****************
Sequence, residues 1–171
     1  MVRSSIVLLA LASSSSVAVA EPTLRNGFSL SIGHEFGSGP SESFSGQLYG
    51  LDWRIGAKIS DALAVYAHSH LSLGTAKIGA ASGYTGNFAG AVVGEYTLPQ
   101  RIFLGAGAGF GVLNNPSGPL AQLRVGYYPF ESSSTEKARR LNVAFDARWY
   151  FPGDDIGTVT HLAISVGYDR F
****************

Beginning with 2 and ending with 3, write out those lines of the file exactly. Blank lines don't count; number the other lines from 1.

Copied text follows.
     1  MVRSSIVLLA LASSSSVAVA EPTLRNGFSL SIGHEFGSGP SESFSGQLYG
    51  LDWRIGAKIS DALAVYAHSH LSLGTAKIGA ASGYTGNFAG AVVGEYTLPQ